Writing vs. Typing

Note: the image I used for this blog topic comes from theglobalscholars.com

Guten morgan, everyone!

As a writer, it’s curious to me that writing and typing are two very different things. The first being how you physically get your words on the page, and the second being what medium you use to accomplish this task.

Let me explain.

I’ve heard that Truman Capote commented on Jack Kerouac’s writing style, saying, comment, “That doesn’t look like writing, that’s typing,” meaning that the man didn’t rewrite his work. That’s kind of a huge no no if you’re a writer. It’s important to always rewrite your work.

One of my professors said that a poem is never finished, because you could technically still keep it open for editing.

As a fellow poet, that does stress me out a little, because I like to think that a lot of my poems are finished, even the ones I wrote when I was younger.

Writing by hand is a calming experience for me. I’ve fallen away from that since I got a computer, but I am trying to put my many notebooks to good use by hand writing–in my lovely hieroglyphics–my novels.

I have a feeling that I should go back to the same method with writing poetry.

In junior high, I started writing free-verse poetry. While my poems are exponentially better these days, I was in my baby stage of poetry. I knew what poems looked like, what they sounded like, because of school. I also read voraciously in those days. (Not that I don’t write voraciously these days, but I still read, but not as often as I’d like because I have to go to work and live in the modern world. I can’t just seclude myself in my bedroom.)

I have a soft spot for characters who are readers like me, or writers. One of my favorite characters is Jude St. Francis from A Little Life. He’s a self-taught man, and is an avid learner. He reads the paper every day, which makes me proud, even though his friends think its funny that he gets the New York Times in physical form, instead of reading it on the Internet. (My dad would be proud. He loves newspapers.)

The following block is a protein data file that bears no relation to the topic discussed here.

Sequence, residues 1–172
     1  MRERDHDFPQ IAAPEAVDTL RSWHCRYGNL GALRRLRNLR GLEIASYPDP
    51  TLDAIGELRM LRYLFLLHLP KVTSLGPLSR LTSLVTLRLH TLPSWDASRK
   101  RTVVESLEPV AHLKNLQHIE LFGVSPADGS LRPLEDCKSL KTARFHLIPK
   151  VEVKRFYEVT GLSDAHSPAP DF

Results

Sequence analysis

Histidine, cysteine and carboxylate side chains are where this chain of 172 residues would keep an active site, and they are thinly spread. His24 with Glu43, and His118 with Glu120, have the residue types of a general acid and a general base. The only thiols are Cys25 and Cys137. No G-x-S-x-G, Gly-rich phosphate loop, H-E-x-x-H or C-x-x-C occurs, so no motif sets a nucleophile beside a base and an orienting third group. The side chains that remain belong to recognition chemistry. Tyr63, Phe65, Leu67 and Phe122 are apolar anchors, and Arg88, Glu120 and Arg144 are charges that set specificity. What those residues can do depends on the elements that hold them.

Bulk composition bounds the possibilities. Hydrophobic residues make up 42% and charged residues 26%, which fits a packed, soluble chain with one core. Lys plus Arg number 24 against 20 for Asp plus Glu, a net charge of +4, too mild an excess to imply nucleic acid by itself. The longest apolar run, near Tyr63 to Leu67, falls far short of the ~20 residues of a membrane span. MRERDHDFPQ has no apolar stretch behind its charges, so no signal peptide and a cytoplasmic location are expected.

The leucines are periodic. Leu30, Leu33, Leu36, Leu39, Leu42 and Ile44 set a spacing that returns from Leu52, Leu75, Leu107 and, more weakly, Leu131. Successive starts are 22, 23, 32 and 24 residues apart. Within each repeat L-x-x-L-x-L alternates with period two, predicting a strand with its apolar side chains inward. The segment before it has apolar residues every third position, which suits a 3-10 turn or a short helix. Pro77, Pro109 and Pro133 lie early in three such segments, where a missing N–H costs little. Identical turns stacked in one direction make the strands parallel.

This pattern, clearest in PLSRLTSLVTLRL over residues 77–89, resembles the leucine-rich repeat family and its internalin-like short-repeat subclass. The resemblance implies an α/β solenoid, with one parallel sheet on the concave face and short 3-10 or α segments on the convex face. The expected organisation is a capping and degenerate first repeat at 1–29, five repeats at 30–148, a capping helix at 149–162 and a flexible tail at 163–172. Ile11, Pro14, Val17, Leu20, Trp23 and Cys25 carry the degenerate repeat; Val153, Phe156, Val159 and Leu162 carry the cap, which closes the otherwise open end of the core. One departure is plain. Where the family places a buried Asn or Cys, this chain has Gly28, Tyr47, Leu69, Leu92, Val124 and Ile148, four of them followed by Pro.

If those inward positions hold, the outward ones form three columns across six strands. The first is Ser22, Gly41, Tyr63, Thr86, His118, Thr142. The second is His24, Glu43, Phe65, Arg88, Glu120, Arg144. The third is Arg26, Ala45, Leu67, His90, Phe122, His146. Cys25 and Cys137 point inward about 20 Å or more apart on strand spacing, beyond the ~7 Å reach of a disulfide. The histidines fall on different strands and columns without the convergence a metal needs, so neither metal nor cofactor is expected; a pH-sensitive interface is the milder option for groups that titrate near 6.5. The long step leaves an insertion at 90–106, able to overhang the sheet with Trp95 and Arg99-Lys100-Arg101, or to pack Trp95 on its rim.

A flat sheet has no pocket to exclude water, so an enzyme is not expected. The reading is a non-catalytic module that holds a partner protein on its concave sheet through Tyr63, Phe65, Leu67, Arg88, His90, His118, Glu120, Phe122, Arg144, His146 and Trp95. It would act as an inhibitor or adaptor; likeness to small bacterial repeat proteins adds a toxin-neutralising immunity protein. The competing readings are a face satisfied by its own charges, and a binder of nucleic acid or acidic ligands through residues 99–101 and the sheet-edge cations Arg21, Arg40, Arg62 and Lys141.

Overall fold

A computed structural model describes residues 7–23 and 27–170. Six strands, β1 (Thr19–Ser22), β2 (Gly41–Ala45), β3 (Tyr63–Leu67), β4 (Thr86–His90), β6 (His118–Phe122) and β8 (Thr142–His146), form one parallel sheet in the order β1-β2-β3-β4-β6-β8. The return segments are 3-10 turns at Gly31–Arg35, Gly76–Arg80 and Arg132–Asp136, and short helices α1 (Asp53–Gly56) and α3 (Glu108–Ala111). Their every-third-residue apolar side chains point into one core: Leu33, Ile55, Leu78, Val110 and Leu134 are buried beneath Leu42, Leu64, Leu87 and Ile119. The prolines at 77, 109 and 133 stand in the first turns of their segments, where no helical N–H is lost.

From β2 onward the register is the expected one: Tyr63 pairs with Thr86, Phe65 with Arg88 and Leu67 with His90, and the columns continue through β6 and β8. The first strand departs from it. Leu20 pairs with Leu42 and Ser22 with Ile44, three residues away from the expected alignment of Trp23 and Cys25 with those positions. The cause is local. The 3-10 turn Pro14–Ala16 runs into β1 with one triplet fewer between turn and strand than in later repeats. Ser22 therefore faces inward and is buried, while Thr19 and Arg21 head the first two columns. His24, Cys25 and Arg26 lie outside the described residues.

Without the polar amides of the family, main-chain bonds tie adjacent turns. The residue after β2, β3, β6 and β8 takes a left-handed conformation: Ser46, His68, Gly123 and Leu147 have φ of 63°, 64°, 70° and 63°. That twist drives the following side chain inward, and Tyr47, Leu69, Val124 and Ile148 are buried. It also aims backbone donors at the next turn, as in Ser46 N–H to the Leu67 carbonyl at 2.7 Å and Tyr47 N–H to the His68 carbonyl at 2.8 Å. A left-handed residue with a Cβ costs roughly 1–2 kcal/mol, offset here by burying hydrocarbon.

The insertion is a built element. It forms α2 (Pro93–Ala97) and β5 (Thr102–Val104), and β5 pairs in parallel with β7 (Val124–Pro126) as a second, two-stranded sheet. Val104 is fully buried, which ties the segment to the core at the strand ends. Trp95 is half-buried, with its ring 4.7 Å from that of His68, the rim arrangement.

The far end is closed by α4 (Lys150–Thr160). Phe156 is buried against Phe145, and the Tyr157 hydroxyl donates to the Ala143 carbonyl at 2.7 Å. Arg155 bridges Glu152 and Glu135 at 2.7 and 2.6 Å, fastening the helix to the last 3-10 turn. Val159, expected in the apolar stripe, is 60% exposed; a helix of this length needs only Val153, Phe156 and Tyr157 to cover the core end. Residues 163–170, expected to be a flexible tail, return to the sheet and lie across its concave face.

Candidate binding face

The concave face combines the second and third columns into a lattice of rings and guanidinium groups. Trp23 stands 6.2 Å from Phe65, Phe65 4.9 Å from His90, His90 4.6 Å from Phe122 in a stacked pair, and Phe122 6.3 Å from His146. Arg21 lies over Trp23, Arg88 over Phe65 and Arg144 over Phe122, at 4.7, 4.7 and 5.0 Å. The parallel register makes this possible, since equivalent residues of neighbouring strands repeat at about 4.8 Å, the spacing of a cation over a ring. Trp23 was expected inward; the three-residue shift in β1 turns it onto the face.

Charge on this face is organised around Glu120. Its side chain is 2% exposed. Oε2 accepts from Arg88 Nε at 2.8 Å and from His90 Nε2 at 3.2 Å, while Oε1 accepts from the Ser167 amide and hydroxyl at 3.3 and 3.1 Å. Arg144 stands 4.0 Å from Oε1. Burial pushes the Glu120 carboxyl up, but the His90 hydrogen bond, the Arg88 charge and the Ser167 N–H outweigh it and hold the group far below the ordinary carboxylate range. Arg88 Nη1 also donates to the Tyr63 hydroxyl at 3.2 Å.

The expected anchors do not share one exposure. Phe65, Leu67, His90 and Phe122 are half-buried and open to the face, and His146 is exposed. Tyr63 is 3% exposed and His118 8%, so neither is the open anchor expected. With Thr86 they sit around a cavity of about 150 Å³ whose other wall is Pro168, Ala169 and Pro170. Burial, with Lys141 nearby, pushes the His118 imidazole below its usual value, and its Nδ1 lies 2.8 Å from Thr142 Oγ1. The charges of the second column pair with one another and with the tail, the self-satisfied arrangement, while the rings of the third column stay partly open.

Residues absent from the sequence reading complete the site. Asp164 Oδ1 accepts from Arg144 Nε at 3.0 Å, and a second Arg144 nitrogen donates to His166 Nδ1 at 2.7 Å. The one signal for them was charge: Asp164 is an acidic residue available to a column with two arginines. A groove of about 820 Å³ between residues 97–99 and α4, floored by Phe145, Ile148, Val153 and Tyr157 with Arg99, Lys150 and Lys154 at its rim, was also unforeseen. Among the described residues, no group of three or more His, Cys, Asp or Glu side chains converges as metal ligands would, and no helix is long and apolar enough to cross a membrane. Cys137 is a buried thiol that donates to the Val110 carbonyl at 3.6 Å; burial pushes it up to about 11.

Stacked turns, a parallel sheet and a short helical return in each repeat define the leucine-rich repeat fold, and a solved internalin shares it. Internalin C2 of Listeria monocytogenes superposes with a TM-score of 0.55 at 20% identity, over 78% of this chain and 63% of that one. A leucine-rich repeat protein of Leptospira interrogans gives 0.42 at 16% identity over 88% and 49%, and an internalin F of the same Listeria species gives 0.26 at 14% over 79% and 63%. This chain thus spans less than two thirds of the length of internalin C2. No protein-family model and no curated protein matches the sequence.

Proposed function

Although it may seem very meta to have a book about books, or a book about a writer, it’s actually quite the opposite. Talking about books and how we write them is important. Stephan King wrote a book about how to write in On Writing. I plan to read it someday.

To know how to craft words out of thin air is a gift. It’s a gift from the gods, they say, a gift of the mead you drink. The notion that there are gods who grant you the ability to write better sounds positively wonderful. I’ve also heard the expression, “Write drunk, edit sober.” This could also be a slight nod to the gods and their poetry gifting mead.

I love typing. With typing, I can type in a much neater hand than the one I have when I write out sentences with my left hand.

But when I hand write things, the process of writing goes much slower. I can write about three pages whenever I handwrite something. With prose, my handwriting is much slower. With poetry, it doesn’t take me as long.

But back to typing. Without typing, I wouldn’t have this working blog. Without typing, I wouldn’t have published some of my poems in college.

I also love writing by hand. It forces me to be focused on exactly what I’m doing. With typing, I can get distracted by other tabs I might have up, or decide to close my laptop and do something other than writing. When I write by hand, there’s nothing but my thoughts to distract me from my work. I’m in awe of people who have beautiful handwriting, or make cool designs for their bullet journals.

Whether you handwrite your work or type it, you’re creating. That’s what’s important to me as a writer, as a sci-fi/fantasy writer, as a poet, and as a blogger.

Here’s an interesting article about writing versus typing if you’re curious.

~ Meghan B.

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